In the event that either threshold detector 116 had indicated a level in excess of 6 volts, or the duration of the signal had been less than 450 microseconds, the output of AND gate 122 would not have become "true", and there would have been indicated on terminal 120 a 0 or "shale" signal.
Reflectometers 1 and 2 also provide an indication of the presence of coal or shale, and operate by virtue of the observation that the reflected light from shale is about three times greater than that from coal. The reflectometers are identical, and as stated above, each comprises a light responsive switch. In order to provide a "high" or "true" output responsive to the presence of coal in keeping with the output of the penetrometer portion of the circuitry, switching means are included in each penetrometer to connect to its output a "high" or "true" output for conditions of low light states. With a high light state, the reflectometers are adapted (as by opening a bias circuit) to provide a 0 output, indicative of shale.
The output of reflectometer 1 is connected to terminal 136 of selector switch 134, and the output of reflectometer 2 is connected to terminal 138 of this switch. Thus, there would be present on switch terminals 132, 136, and 138 separate coal-shale indicating signals derived, respectively, from penetrometer 12, reflectometer 1, and reflectometer 2. To further improve the accuracy capability of the system, these three signals are supplied to a voting circuit which provides as an output a signal representative of the majority signal state. Accordingly, each signal is applied to an input of each of two of three AND gates of the circuit. Thus, the penetrometer signal from terminal 132 is connected to an input of AND gates 140 and 142, the reflectometer 1 signal from terminal 136 is connected as an input to AND gates 140 and 144, and the reflectometer 2 signal from terminal 138 is connected as an input to AND gates 144 and 142. The outputs of the AND gates are connected as inputs to OR gate 146, and its output is connected to terminal 148 of selector switch 134, at which terminal a signal representative of the majority signal would appear.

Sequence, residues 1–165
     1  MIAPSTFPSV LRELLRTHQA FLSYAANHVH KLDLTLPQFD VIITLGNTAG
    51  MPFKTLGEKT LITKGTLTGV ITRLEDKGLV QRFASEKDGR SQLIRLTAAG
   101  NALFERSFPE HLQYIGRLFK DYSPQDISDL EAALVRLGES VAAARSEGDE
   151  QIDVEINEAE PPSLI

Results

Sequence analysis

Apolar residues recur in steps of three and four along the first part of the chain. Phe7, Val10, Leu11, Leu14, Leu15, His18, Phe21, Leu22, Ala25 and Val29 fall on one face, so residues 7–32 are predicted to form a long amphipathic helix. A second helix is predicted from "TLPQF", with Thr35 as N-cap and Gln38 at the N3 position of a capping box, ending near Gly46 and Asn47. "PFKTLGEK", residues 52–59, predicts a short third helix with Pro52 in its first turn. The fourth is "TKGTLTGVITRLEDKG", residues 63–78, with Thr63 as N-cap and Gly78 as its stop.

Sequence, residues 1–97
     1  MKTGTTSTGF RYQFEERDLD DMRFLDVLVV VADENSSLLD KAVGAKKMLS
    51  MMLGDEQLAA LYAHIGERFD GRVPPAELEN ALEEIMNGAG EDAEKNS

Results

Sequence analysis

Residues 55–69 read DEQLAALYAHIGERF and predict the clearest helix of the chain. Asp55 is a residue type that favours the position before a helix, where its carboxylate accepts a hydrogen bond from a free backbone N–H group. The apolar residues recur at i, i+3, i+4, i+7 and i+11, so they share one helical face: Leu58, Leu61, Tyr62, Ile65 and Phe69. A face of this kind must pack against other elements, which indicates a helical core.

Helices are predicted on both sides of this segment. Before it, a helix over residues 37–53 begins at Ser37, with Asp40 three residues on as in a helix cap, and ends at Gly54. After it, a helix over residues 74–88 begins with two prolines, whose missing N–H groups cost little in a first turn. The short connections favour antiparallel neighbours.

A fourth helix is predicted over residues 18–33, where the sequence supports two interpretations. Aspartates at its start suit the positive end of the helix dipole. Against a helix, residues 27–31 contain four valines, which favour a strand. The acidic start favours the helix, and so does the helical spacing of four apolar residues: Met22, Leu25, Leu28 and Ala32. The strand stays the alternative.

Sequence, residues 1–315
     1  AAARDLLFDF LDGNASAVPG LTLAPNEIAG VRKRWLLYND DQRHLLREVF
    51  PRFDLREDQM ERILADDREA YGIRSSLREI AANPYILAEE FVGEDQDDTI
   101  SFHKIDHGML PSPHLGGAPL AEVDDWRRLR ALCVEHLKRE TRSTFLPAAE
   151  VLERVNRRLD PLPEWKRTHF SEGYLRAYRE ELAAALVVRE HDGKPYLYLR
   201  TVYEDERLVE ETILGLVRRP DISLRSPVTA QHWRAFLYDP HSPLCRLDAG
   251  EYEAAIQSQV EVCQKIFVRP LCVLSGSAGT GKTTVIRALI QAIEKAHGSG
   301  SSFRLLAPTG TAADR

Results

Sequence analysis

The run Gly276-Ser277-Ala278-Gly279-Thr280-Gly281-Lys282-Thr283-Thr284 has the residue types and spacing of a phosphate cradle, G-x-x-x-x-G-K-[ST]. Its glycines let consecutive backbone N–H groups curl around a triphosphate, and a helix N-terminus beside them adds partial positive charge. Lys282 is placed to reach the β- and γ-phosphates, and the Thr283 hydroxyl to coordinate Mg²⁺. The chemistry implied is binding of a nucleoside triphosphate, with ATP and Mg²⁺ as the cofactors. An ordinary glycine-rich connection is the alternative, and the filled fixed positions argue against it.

To further examine the voting circuit, and with the selector switch operated as shown to provide a voted output on terminal 148, it is to be noted that each of the three significant coal-shale signals appear at terminals 132, 136, and 138 and are "high" or true when coal is detected, and "low" or 0 when shale is detected. Thus, with an output from each terminal being connected to an input to two of the three AND gates 140, 142 and 144, it is clear that when there occurs a "high" or "coal" indicated output on at least two of the terminals, at least one of these AND gates will be made "true" and provide an output to OR gate 146. When this occurs, OR gate 146 will provide a "true" output through terminals 148 and 150 of selector switch 134 to coal indicator light 152 to cause it to be illuminated. On the other hand, in the event that only one of the detection signals is "true", or none of them are "true", then all of the outputs of AND gates 140, 142 and 144 will be false, and there will be a "0" output of OR gate 146, which when inverted by inverter 154, will provide a "true" or high input to shale indicator light 156, causing it to be turned on. Of course, with a 0 output applied to coal indicator light 152, it would not be illuminated. While AND and OR gates are employed in the illustrated circuitry as logic elements, the more common NAND gate may be employed in their stead.
If selector switch 134 is operated to provide, as it may be, an output from a single detection device, only that signal will be effective in providing a coal or shale signal from selector switch 134, and the indication circuit will be operated as described, but responsive only to a single detection signal.
From the foregoing, it will be appreciated that this invention provides a practical electro-mechanical system for accurately distinguishing between shale and coal surfaces in a mine without the need of a human observer. Further, it provides for separate and combined utilization of two forms of detection apparatus to enable improved accuracy over widely varying conditions.